Build Donations Into Cost of Charity Items or Sell at Cost And Ask for Donations?
April 6, 2009 6:15 AM   Subscribe

You're selling prints for charity. Do you sell them for cost + buyer determined donation or do you build a donation amount into the price? I'm looking to maximize the amount we're donating.

I've been asked to shoot a benefit concert for a professor at my school who died in a car wreck Saturday night with her 2 year old daughter.

The person who asked me to shoot this is someone I've worked with before, and it was his idea to sell prints to help raise money. I've also already told him that he isn't paying me and if he tries that money is going to the family. Which I'm tell you so nobody thinks I'm trying to make some money off of a bad situation.

Anyway, I can't decide if it would be better to have set prices for the prints or if we should charge people cost and ask for donations on top of that.

I've asked on a photography forum that I visit and the only responses I've gotten were to add a dollar or two to the cost (which I think is way too low) or to see if the school has the ability print them and if they'd be willing to do it for free (something that I'm checking on). Normally I'd wait around and try to get some more responses there but the guy wants to have the show Thursday or Friday and I'd like to have as many of the loose ends tied up as possible.

Which method do you think would get us the most in donations? Do you think people would be willing to donate more if we have a donation amount built into the price of prints?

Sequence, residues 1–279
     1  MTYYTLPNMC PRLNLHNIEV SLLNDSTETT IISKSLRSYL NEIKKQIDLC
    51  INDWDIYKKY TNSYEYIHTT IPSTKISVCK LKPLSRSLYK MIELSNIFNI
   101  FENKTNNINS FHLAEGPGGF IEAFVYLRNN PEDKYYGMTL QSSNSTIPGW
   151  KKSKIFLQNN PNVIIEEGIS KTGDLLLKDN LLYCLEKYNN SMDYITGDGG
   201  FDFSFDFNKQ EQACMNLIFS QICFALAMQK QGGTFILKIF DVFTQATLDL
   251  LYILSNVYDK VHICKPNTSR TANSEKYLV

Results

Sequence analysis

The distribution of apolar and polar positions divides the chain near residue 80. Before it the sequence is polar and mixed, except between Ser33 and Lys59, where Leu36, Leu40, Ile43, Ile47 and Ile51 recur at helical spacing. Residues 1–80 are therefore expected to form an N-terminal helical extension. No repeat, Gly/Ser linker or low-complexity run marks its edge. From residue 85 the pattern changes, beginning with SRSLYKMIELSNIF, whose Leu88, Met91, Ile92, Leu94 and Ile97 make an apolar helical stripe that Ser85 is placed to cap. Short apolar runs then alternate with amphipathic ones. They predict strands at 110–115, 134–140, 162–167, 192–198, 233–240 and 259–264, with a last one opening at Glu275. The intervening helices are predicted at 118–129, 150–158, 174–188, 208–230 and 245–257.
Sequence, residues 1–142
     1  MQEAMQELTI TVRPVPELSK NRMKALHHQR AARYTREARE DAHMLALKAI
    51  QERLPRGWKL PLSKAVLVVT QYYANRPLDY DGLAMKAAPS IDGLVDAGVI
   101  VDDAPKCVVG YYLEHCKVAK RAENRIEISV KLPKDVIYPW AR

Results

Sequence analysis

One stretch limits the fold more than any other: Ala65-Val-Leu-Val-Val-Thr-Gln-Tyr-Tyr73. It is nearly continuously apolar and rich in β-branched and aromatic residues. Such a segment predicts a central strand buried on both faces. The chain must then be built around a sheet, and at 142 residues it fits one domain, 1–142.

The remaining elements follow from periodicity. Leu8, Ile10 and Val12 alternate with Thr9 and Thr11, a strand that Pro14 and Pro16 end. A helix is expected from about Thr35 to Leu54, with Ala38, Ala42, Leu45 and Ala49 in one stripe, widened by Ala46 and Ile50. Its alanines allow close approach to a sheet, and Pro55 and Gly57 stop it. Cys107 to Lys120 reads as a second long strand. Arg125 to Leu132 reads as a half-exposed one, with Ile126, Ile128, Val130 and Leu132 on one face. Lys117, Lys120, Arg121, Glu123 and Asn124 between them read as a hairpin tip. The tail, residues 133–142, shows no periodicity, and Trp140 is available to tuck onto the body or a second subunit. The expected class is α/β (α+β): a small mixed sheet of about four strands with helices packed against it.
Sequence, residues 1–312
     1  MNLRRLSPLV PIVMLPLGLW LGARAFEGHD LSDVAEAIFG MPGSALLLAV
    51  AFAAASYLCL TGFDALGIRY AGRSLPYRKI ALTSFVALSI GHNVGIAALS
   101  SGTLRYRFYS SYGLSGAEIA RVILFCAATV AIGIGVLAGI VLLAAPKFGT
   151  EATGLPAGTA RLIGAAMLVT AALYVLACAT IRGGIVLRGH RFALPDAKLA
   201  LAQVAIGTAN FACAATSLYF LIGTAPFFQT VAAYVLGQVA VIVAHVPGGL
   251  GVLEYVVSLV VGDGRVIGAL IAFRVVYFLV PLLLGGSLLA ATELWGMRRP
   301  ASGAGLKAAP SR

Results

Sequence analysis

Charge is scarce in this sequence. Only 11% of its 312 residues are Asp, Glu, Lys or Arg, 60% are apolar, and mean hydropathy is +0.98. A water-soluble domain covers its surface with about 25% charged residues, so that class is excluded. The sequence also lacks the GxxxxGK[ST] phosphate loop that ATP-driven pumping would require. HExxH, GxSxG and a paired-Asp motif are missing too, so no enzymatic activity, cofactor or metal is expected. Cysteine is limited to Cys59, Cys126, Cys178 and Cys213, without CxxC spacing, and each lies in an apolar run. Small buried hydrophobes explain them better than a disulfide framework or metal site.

posted by theichibun to Human Relations (6 answers total) 1 user marked this as a favorite
I think a set price is best. That way people aren't put into the position of determining how much they want to donate to the family. If they know "all proceeds" will be going to the family then they'll feel good about paying what you ask for the prints.
posted by headnsouth at 6:32 AM on April 6, 2009

Keep this as simple as possible. Charge event pricing (for one suggestion, see below) while making it clear that all proceeds go to "'x' Memorial Fund".
4x6 = $3-5
5x7 = $5-10
8x10= $10-20, etc.

Have a separate bucket/container/paypal widget, etc. on hand or virtually for donations beyond that. is great for hosting and ordering (for your customers; it's not a lab); is fantastic for low-cost, high quality prints ( gets good reviews as well).
posted by availablelight at 6:32 AM on April 6, 2009 [1 favorite]

erm ... I seem to remember some studies showing that if you let people choose their own "donation value" it will be generally result in more money being raised than if there is a "specified donation amount" ... but I just googled and couldn't find a reference.
posted by jannw at 6:48 AM on April 6, 2009

The advantage of "cost + donation" for the buyer is that any amount over the cost is tax-deductible.

Probably the best way to do it is via charity auction. That bids the price up to the maximum that people are willing to pay, and they get the tax deduction.
posted by musofire at 6:51 AM on April 6, 2009

I would set a minimum price which includes both cost and a reasonable donation, but make clear that donations above that minimum price are accepted and encouraged. If there's a form they have to fill out, then have a range of donations. People will tend to anchor toward the middle of the range, so factor that in in setting the range.
posted by raf at 7:11 AM on April 6, 2009

I like having a minimum price along with a way for people to give more. I think this especially because it's a school setting, and you'll probably have students who want to contribute but a steep price might discourage that.
posted by KAS at 7:25 AM on April 6, 2009

« Older Baby Einstein   |   How can I stop fainting around blood? Newer »
This thread is closed to new comments.